Detecting Low Concentrations of Pharmaceutical Waste and Contaminants in Water: A Cost-Effective Approach

22 March 2024 1994
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March 21, 2024

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endorsed by Bar-Ilan University

Scientific researchers are growing increasingly concerned about pharmaceutical waste and contaminants, especially in terms of drinking water and food safety. Researchers from the Department of Chemistry and Institute of Nanotechnology and Advanced Materials at Bar-Ilan University have created an innovative solution to counter this problem. They have developed a highly sensitive plasmonic-based detector designed to identify harmful piperidine residue in water.

The Environmental Science: Nano journal has recently published the team's findings.

Piperidine is a tiny, powerful molecule used in the pharmaceutical industry and as a food additive. It poses considerable health risks due to its toxic properties. Therefore, detection of even minute quantities of piperidine is crucial for the assurance of water and food safety. Bar-Ilan University researchers have advanced a plasmonic substrate, comprising triangular cavities carved out of a silver thin film and safeguarded by a 5-nanometer silicon dioxide layer, that is exceptionally sensitive to piperidine and can detect low concentrations in water.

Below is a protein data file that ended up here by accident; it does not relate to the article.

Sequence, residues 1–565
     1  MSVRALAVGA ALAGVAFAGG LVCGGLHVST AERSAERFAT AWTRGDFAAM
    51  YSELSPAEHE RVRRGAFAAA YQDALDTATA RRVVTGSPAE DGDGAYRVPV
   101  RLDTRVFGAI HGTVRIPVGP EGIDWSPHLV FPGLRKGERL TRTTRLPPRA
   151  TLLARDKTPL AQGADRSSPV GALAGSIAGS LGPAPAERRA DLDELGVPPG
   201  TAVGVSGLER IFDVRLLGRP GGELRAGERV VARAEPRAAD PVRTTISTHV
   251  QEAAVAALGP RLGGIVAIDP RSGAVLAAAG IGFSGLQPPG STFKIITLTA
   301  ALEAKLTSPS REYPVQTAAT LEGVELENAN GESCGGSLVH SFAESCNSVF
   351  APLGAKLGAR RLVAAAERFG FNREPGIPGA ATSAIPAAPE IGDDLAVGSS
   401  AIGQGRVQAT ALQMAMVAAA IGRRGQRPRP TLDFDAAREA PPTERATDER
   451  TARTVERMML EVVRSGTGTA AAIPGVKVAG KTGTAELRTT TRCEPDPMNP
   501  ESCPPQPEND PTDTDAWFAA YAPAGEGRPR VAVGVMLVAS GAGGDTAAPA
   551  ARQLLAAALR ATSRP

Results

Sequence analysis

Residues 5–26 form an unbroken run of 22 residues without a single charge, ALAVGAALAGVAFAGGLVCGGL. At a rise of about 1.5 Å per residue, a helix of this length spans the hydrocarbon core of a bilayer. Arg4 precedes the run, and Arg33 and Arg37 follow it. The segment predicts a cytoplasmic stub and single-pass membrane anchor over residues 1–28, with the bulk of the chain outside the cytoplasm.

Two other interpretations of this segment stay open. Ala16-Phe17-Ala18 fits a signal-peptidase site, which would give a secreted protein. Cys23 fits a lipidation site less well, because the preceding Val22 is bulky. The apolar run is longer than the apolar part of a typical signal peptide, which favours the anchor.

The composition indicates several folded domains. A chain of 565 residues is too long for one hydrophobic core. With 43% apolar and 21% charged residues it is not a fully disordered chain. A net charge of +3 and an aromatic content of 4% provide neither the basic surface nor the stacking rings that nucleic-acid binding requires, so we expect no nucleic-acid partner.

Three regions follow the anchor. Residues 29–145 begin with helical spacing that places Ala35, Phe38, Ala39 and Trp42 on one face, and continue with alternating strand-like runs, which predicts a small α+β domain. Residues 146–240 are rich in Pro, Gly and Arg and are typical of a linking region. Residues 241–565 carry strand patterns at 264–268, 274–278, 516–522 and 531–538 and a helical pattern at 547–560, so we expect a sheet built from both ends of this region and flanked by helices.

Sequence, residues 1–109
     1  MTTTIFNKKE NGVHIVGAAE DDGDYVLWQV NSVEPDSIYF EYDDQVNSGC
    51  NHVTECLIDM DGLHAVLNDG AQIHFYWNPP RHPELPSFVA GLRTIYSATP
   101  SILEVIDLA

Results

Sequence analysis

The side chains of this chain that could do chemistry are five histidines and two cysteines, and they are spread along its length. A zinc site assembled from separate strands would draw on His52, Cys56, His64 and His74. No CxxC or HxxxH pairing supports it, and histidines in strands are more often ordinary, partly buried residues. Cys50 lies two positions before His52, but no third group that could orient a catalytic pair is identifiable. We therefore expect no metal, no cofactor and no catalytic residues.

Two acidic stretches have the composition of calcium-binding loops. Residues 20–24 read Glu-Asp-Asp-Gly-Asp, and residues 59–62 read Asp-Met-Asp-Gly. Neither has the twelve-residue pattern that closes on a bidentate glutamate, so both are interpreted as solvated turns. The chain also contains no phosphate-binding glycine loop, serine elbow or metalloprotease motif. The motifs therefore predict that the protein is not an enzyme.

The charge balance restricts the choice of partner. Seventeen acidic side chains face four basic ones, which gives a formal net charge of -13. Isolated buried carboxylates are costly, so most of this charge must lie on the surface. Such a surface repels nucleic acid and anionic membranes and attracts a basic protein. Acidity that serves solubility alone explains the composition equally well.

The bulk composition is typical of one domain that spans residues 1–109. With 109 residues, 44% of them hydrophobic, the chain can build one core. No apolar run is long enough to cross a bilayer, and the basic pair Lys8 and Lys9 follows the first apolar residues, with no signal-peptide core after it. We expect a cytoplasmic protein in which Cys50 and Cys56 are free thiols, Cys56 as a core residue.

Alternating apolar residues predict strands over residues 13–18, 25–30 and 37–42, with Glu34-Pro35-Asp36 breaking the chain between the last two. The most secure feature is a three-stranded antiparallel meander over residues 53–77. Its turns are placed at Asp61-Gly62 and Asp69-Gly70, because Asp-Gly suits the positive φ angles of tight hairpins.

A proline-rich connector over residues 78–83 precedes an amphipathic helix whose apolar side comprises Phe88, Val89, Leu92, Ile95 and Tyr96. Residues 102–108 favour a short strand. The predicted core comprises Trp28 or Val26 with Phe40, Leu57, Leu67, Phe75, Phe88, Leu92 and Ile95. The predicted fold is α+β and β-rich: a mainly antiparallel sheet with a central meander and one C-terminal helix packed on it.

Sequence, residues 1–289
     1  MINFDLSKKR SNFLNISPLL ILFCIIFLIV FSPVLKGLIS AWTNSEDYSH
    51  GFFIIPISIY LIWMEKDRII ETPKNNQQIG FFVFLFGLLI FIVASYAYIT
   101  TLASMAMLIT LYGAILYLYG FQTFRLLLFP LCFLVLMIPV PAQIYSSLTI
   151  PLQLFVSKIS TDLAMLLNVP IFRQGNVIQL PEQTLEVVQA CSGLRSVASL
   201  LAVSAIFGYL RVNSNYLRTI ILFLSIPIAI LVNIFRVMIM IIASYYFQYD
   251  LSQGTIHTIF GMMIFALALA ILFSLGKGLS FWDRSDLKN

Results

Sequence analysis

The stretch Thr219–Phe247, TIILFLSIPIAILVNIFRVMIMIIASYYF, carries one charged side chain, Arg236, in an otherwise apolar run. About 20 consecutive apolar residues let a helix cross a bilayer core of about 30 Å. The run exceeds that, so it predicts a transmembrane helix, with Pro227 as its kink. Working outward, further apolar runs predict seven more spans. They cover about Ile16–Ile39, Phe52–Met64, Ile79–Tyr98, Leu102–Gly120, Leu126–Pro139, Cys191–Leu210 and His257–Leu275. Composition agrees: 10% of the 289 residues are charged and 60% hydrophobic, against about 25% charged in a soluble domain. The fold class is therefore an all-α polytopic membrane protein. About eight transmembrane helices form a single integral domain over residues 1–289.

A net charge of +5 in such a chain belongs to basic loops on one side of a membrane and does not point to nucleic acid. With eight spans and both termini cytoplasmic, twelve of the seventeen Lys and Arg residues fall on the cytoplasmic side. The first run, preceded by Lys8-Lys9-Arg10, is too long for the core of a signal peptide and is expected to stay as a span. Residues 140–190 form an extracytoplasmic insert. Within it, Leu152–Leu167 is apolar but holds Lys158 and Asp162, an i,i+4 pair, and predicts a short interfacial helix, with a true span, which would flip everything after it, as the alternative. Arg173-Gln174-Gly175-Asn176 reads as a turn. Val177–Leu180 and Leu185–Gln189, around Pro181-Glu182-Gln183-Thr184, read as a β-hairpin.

Mohamed Hamode, a Ph.D. student at Bar-Ilan's Department of Chemistry collaborated with Dr. Elad Segal, to create a small device using a focused ion microscope. The device, about the size of a dime, drills nanometer-sized holes on a metal surface. Hamode is able to create holes of different shapes, courtesy of a custom-built computer program.

Being smaller than the wavelength of visible light, these holes amplify the electrical field on the surface, resulting in concentrated light in very small areas. This phenomenon increases optical effects significantly, thus enabling low concentration molecules previously undetected by optical probes, to be identified.

The plasmonic substrate's concentrated and heightened electromagnetic field provides an efficient alternative to the substrates commonly used in Surface Enhanced Raman Spectroscopy (SERS). This paves the way for the use of affordable, portable Raman devices offering quicker and cost-effective analysis.

'The research heralds a significant progression in environmental monitoring,' said Prof. Adi Salomon, the senior researcher from Bar-Ilan University’s Department of Chemistry and Institute of Nanotechnology and Advanced Materials. 'Our findings illustrate the detection of low concentrations of piperidine in water via affordable optics by utilizing nano-patterned metallic surfaces, thus offering a hopeful solution for environmental analytical setups.'

The study's findings exhibit the potential of using plasmonic-based detectors to revolutionize environmental monitoring, focusing particularly on the detection of pharmaceutical waste and contaminants. Mohamed Hamode will present this innovation at an upcoming international conference on microscopy in Italy.

Information courtesy of Bar-Ilan University


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